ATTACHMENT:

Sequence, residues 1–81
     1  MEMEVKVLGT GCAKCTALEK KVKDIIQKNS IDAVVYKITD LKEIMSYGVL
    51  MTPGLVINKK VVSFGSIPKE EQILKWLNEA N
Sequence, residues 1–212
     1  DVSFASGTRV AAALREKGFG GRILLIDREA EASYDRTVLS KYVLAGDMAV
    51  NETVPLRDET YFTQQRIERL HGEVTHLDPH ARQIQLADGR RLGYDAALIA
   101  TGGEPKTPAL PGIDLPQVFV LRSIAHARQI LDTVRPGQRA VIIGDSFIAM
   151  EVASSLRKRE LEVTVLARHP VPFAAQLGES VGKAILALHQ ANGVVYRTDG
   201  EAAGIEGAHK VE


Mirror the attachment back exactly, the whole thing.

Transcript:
Sequence, residues 1–81
     1  MEMEVKVLGT GCAKCTALEK KVKDIIQKNS IDAVVYKITD LKEIMSYGVL
    51  MTPGLVINKK VVSFGSIPKE EQILKWLNEA N
Sequence, residues 1–212
     1  DVSFASGTRV AAALREKGFG GRILLIDREA EASYDRTVLS KYVLAGDMAV
    51  NETVPLRDET YFTQQRIERL HGEVTHLDPH ARQIQLADGR RLGYDAALIA
   101  TGGEPKTPAL PGIDLPQVFV LRSIAHARQI LDTVRPGQRA VIIGDSFIAM
   151  EVASSLRKRE LEVTVLARHP VPFAAQLGES VGKAILALHQ ANGVVYRTDG
   201  EAAGIEGAHK VE